For zinc gutters, expect to pay around $19.50, or somewhere between $10 and $29 per linear foot. Zinc is low-maintenance and has a long lifespan. With professional installation, it can last for decades. Over time, it develops an oxidized patina that gives a unique appearance, making it a popular choice for older properties.
Galvalume gutters typically cost $25 per linear foot to install, or between $20 and $30. Galvalume is a mixture of zinc, aluminum, and silicone laid over the base metal. It's a bit like galvanizing steel, but with longer-lasting results, reduced chance of corrosion, and works in oceanside locations.
Wooden gutters cost an average of $26.50 per linear foot, or between $21 and $32, all-in. While fairly rare, wooden gutters are gaining popularity on rustic properties, wood-sided homes, and log cabin-style properties.
Manufacturers make these gutters from treated moisture- and insect-resistant wood, such as cypress, redwood, cedar, and pine. They're costly and require maintenance to keep the wood in good shape, but they make a real statement and can boost curb appeal.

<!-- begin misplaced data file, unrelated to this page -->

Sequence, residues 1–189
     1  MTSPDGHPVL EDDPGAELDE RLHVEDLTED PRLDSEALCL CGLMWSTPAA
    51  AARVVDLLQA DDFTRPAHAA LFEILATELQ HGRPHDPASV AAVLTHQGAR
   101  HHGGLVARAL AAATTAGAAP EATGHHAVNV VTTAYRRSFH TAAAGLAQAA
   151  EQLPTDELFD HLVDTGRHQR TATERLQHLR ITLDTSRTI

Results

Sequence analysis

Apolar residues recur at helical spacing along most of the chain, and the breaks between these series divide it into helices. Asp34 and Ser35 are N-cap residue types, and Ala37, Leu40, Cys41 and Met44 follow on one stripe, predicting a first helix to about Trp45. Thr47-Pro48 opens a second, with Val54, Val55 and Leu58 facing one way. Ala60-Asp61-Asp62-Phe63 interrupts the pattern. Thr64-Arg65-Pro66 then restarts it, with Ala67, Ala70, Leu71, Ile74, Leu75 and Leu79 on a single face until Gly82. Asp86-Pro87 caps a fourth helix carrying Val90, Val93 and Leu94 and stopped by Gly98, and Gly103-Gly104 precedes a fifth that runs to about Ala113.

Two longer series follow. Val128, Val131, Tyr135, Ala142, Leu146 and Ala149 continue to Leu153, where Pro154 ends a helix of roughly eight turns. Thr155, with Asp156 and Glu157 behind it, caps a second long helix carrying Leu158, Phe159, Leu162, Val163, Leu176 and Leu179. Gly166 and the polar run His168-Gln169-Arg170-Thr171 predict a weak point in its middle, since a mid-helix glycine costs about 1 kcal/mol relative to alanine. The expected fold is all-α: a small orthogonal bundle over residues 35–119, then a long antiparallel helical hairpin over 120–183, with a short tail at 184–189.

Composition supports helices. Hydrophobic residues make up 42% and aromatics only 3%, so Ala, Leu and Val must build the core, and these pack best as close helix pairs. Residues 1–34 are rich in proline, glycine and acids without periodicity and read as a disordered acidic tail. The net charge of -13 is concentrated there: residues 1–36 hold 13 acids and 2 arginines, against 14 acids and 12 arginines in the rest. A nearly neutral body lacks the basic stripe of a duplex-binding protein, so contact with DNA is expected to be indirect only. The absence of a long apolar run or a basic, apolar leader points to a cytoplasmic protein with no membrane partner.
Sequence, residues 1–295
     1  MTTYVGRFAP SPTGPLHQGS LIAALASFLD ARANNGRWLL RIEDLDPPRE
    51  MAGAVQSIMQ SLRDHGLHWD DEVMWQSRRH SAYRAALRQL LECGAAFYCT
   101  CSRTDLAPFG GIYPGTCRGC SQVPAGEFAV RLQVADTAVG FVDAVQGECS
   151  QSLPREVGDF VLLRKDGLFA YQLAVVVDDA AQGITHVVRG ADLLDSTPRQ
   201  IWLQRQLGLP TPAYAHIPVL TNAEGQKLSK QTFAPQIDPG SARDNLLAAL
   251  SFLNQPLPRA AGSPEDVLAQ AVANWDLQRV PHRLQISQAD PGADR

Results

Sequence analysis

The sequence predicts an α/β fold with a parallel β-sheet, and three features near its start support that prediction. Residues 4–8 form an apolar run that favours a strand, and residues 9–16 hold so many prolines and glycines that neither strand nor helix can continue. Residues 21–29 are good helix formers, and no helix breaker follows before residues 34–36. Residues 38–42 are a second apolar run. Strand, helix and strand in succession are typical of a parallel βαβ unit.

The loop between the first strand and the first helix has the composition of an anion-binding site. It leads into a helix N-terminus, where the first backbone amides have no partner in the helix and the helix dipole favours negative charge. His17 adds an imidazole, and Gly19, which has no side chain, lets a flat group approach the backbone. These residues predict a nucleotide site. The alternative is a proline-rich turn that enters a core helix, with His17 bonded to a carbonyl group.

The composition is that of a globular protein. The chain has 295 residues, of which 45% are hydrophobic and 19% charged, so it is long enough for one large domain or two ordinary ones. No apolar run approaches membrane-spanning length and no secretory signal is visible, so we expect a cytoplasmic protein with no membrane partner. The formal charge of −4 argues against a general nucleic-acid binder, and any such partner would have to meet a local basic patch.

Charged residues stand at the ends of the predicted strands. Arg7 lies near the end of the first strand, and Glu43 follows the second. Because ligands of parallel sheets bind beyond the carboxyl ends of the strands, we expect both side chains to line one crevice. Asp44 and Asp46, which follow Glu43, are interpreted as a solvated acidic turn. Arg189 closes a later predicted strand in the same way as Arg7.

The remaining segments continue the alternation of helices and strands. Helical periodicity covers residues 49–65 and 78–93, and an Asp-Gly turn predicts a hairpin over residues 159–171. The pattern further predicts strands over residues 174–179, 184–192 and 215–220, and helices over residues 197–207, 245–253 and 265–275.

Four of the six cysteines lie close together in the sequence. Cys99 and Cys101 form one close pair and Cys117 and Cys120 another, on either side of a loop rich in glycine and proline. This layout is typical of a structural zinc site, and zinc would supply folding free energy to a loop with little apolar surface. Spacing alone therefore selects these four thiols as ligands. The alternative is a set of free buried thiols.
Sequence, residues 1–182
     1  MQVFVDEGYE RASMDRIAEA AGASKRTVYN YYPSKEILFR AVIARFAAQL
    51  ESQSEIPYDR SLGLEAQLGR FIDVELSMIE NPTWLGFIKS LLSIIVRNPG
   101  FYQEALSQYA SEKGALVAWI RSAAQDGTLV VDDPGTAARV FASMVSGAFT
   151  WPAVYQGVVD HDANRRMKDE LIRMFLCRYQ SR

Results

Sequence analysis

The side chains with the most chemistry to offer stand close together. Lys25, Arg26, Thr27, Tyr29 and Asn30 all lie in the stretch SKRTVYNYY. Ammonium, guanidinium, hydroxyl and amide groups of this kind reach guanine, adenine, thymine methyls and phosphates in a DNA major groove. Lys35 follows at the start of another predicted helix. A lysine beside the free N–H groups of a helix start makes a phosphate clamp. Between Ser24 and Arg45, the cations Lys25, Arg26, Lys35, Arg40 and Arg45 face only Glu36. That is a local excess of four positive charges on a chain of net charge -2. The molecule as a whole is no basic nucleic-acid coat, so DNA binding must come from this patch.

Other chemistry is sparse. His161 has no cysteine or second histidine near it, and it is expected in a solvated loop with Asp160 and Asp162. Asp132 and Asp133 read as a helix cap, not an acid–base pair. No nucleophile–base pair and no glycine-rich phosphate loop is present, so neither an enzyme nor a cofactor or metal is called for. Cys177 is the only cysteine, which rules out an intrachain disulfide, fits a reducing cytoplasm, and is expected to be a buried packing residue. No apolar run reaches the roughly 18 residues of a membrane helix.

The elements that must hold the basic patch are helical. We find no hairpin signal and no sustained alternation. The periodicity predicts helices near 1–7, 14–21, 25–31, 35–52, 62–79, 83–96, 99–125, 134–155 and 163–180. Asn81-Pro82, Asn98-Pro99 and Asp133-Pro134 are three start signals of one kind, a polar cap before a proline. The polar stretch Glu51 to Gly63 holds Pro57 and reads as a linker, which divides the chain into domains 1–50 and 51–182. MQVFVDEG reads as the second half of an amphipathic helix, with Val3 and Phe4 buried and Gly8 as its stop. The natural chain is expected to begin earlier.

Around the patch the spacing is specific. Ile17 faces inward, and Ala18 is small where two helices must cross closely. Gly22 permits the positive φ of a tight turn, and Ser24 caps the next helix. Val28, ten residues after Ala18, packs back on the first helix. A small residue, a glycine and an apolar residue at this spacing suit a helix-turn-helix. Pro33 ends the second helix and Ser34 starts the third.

Copper gutters cost around $32.50 to install, or between $25 to $40 per linear foot. The most expensive gutter material, copper is sought after and extremely attractive, too. It's extremely durable and requires minimal maintenance, although it does need professional installation. Copper gutters eventually take on a blue-green patina that adds to their charm.
As the name suggests, seamless gutters comprise long, continuous lengths of guttering. A professional installer measures your home's roof, identifies the required length for the seamless gutter piece, and cuts it on-site using a special machine. This style sits perfectly on your roof.